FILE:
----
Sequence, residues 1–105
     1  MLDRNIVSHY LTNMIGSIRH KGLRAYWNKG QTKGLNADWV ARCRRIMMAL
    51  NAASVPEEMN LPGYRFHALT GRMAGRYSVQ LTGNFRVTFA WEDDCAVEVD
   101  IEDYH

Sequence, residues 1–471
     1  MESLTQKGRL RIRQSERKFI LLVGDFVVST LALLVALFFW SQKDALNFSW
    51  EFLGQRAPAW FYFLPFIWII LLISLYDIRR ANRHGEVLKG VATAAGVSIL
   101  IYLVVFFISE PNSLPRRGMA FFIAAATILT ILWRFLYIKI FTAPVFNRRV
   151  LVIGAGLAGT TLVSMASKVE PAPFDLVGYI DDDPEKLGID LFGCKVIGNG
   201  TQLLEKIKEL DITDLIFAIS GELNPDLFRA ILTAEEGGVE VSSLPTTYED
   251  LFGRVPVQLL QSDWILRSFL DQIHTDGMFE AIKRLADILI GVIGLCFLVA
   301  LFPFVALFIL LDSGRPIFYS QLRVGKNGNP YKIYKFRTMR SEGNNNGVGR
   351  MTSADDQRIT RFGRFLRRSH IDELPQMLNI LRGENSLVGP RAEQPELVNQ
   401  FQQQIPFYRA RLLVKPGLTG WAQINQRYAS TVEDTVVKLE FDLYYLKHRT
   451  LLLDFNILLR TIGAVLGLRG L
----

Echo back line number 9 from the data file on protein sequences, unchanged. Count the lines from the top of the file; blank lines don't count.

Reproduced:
   151  LVIGAGLAGT TLVSMASKVE PAPFDLVGYI DDDPEKLGID LFGCKVIGNG